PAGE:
Rot Doctor

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Subject: Repairing Rot on Fence Post Tops
Date: Monday, September 10, 2012

Hello,

I am in the process of overhauling a 20 year old wooden fence and have a number of questions that I’m hoping you can help me with.

I am replacing all of the 8′ fence panels (52 panels total) but am hoping to keep most (if not all) of the 6x6 pressure treated fir posts. So far, of 11 panels torn down, all of the panel posts appear to be structurally sound but several of them have dry rot in the caps of the post and at least two have substantial rot to a depth of 3–5″ into the top of the post. (please see pictures for reference) I’m assuming, based on the tutorial on your web site for Beam and Joist Rot, that a combination treatment of CPES and Fill-It (possibly with sawdust added) would be your recommended solution for this type of issue but I am hoping you can confirm that before I head down that path.

Top of post Side of post

CPES would definitely be the first product to use. The Fill-It doesn’t need any sawdust. And while some of this product would be useful, you would also likely want the Layup & Laminating Resin (LLR) which can be used plain for smaller cracks, or mixed with sawdust for larger voids, both of which appear in your images.

I have a couple of other fence project related questions that I’m also hoping you can answer.

1. Will the treatment and fill of the posts give it an equivalent level of structural integrity and as the original wood? And, is “yes”, what is the expected lifetime of this treatment?

Epoxies, ours included, are stronger than the wood itself. Used properly, the structural strength should be significant, at least approaching the original. Possibly exceeding, but difficult to quantify without destructive testing.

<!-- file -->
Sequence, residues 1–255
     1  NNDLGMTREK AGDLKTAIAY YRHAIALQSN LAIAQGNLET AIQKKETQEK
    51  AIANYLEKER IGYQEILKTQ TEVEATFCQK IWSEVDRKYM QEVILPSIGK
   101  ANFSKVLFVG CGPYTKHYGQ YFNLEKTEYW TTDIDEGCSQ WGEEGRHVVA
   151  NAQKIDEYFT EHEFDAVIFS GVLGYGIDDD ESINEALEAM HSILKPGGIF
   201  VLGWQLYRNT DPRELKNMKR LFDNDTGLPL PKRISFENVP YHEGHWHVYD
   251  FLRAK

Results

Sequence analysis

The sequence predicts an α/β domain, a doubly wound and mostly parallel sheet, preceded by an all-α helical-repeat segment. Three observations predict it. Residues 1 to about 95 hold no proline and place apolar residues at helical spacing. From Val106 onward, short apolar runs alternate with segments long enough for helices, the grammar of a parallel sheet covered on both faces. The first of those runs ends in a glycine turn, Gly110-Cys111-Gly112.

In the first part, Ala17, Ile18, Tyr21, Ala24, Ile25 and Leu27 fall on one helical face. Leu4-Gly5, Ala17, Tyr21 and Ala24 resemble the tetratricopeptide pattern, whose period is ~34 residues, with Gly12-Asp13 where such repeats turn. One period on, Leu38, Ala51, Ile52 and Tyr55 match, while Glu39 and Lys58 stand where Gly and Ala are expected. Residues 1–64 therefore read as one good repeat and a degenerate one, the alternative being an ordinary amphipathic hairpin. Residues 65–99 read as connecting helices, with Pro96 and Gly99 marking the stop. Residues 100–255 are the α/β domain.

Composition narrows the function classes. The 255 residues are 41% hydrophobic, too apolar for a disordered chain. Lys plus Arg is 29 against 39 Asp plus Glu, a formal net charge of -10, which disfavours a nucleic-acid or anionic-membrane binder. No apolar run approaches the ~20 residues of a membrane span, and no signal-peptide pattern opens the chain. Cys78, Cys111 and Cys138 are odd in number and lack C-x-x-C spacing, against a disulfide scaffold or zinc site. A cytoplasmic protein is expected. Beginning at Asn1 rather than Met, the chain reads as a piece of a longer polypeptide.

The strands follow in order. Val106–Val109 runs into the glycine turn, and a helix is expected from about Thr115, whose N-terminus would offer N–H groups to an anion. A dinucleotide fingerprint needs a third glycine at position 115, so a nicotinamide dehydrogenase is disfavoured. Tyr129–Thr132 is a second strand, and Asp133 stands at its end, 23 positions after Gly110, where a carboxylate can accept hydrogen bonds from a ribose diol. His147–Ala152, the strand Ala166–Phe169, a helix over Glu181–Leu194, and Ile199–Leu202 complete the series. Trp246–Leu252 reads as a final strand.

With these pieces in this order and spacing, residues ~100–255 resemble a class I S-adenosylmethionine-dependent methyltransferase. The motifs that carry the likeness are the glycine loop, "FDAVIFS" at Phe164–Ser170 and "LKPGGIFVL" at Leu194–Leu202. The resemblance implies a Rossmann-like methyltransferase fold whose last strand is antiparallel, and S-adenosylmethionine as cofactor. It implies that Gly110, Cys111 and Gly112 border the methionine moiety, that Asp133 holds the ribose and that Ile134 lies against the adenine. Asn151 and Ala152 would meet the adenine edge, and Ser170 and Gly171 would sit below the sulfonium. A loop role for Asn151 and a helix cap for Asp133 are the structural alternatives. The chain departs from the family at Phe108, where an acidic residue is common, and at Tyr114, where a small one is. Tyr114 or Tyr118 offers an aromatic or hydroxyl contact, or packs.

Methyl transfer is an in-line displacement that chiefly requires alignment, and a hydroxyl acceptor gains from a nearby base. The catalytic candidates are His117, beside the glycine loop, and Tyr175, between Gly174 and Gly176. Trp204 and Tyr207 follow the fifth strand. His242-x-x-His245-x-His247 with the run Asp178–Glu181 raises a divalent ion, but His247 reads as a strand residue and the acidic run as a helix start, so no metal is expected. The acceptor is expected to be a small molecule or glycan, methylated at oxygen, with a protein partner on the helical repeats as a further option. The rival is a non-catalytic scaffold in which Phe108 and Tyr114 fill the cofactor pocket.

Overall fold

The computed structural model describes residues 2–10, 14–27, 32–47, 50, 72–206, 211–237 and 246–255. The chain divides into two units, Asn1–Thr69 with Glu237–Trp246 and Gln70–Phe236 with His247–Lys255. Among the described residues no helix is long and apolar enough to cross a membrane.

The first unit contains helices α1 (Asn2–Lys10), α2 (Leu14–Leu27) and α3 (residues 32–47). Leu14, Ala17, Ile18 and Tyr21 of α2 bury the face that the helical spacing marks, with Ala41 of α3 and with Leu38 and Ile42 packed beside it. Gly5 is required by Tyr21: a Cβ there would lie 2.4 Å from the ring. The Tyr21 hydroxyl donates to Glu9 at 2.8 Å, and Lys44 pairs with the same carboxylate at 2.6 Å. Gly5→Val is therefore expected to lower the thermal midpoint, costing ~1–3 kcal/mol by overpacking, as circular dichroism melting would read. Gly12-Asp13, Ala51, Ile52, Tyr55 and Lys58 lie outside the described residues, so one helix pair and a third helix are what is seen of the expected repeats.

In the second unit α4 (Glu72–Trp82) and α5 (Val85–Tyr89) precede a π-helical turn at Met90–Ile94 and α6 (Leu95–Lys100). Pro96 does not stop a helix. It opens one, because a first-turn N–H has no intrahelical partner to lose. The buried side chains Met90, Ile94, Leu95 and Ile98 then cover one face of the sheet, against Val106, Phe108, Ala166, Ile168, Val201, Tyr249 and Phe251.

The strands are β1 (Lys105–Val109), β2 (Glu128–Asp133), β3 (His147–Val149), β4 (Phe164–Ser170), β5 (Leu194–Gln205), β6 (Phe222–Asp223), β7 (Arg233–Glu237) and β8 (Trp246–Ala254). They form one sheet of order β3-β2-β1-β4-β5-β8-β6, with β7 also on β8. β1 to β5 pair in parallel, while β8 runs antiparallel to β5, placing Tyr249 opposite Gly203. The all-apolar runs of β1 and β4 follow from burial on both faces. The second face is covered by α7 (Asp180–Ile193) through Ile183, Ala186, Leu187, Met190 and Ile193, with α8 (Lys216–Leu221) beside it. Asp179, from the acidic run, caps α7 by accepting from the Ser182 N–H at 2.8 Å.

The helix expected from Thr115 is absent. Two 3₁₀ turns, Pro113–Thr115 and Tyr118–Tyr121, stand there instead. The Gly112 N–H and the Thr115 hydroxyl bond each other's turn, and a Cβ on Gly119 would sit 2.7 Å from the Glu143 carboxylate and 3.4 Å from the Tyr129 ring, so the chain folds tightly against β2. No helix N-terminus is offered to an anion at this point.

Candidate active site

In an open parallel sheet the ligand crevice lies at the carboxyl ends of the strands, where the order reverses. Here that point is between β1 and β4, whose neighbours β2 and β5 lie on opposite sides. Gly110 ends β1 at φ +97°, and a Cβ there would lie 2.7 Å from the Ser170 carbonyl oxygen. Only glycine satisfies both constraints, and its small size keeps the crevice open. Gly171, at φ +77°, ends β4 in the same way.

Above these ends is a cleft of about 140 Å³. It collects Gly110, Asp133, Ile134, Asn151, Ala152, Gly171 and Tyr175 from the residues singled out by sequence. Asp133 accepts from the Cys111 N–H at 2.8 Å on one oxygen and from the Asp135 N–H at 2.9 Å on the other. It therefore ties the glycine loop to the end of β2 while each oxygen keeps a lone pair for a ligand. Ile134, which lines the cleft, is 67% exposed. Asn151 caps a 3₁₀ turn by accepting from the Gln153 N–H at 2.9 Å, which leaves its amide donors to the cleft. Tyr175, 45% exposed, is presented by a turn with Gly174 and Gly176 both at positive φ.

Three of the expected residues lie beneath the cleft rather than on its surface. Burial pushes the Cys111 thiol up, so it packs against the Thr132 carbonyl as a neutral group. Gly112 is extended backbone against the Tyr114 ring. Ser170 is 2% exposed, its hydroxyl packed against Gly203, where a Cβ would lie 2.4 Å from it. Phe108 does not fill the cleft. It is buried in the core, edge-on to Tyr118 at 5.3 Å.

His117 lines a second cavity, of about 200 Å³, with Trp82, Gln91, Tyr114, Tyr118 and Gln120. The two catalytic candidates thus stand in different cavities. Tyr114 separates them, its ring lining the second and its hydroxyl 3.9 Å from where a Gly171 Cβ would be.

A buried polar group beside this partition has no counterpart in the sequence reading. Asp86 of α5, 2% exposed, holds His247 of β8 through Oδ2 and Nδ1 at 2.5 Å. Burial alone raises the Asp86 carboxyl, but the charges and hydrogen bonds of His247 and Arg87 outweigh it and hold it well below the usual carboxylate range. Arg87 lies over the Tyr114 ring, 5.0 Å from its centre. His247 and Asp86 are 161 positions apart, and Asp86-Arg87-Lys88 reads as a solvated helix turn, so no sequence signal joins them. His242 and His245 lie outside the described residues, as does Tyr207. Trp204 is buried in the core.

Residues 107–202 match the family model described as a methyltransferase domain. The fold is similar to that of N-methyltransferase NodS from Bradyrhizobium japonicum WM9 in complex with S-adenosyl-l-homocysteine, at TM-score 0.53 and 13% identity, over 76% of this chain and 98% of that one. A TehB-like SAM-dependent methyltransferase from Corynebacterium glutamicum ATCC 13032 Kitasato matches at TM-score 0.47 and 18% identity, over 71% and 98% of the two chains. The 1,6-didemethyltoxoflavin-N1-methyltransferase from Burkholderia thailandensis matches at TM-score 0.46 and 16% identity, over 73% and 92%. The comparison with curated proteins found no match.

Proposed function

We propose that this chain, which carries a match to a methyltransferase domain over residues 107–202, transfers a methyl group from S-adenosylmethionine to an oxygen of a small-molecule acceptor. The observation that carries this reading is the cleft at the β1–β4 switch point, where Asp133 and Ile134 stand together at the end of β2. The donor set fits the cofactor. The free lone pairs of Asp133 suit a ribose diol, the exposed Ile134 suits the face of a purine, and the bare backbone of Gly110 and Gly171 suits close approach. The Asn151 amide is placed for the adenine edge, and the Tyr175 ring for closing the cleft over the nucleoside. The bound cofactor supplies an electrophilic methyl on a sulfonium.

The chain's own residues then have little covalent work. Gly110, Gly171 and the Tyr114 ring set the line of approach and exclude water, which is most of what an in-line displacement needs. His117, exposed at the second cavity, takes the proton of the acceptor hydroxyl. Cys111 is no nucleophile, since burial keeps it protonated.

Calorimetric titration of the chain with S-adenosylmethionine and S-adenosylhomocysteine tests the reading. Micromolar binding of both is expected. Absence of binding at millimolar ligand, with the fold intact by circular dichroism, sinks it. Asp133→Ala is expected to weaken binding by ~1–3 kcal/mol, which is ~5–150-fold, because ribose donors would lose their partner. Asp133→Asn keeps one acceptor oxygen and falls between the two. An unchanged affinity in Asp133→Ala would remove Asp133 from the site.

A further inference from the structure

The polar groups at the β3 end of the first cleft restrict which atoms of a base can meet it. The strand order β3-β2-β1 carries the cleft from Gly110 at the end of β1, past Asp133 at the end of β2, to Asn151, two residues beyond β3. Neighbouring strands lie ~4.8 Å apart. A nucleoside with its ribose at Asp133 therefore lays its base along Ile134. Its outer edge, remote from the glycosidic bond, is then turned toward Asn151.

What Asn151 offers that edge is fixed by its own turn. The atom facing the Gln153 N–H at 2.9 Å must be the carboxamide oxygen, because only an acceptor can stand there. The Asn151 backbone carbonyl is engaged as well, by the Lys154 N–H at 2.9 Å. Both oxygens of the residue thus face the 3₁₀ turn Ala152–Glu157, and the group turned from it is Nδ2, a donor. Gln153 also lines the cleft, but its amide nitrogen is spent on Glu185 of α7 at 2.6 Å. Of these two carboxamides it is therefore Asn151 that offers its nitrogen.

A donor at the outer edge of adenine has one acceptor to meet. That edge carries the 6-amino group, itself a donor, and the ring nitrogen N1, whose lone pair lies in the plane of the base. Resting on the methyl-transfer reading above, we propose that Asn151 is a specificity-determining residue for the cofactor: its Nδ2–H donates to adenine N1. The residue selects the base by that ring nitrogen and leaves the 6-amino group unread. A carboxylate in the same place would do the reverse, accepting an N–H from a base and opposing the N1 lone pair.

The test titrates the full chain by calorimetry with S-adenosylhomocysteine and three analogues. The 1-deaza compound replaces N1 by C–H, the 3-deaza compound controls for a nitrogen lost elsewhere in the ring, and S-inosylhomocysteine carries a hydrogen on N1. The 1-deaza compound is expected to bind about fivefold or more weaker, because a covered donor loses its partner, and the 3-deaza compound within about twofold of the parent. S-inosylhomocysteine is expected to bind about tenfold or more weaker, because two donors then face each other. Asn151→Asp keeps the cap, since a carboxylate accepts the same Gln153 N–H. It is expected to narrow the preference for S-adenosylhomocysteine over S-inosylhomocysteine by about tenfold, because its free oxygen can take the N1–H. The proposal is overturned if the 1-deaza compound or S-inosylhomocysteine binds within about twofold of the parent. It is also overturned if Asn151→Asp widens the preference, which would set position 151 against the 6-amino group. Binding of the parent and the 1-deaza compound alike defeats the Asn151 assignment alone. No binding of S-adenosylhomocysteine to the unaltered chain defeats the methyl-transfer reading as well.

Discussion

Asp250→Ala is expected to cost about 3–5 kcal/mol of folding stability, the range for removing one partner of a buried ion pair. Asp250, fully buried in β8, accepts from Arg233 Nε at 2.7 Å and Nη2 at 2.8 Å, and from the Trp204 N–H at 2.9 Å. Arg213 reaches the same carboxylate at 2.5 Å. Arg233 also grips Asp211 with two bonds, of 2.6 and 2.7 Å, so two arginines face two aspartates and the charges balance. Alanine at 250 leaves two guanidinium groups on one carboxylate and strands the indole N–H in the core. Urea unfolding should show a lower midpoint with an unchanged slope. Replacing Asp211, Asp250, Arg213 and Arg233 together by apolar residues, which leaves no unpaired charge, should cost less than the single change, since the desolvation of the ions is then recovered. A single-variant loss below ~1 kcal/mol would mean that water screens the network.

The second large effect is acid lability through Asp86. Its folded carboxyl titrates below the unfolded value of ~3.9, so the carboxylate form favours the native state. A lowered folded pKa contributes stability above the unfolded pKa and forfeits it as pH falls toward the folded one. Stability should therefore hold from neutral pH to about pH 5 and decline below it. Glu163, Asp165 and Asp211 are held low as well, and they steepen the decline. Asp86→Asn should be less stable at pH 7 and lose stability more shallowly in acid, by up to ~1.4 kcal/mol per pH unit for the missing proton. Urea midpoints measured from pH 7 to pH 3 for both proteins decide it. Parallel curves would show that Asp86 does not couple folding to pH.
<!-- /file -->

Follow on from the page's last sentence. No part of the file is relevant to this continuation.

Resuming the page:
2. For a total of 52 6x6″ fence posts, all of which will arguably need to at least be sealed and at least 50% that will need some filler, can you make an educated guess as to what quantity of treatment chemicals I would need to purchase from your company to complete this job?

My best educated guess would be one pint of CPES, and one quart of fillers per post, for the post illustrated in the image given. The fillers would be some combination of the Fill-It and LLR/sawdust.

3. Some of the posts also have split cracks down the side. (see second picture for reference) Is there any reason I should consider treating these cracks as well?

Once the ends have been repaired, moisture getting into the cracks on the side will not significantly increase the moisture content of the wood, so there is not a huge need to treat and seal them. I would coat the inside with CPES an leave it at that.

4. For a job this large I am hoping there are some tools or techniques that would make the job more efficient; e.g., a caulking gun or something similar to dispense both the sealant and filler. What would you recommend?

For the CPES, I would just brush/pour it on the ends. For the vertical cracks, a pump up garden sprayer works well, but would be glued shut, so that is a one time use applicator.

For the Fill-It, I would just push it into the cracks on the side near the top with a putty knife, after the CPES has been applied and cured. Once the Fill-It cures, it will contain the LLR, which can be poured in. Initially, un-thickened for for smaller cracks, then thickened with sawdust for the larger, final fills.

5. Lastly, do you have any recommendations on what I should treat the new fir and cedar fence panels with for NW weather related issues? (I typically default to Miller Paint for wood treatment products on my deck)

CPES applied to critical areas is excellent for extending the life of exterior wood. End grain, fastener holes, and any place where two pieces of wood touch are the critical areas. After that, you can coat the rest with whatever pleases you. Keep in mind, that CPES applied only in certain areas may cause the subsequent stain to have two different looks. Please test before you commit to anything.

Thanks very much for your time and advice.
—Dan

Doc

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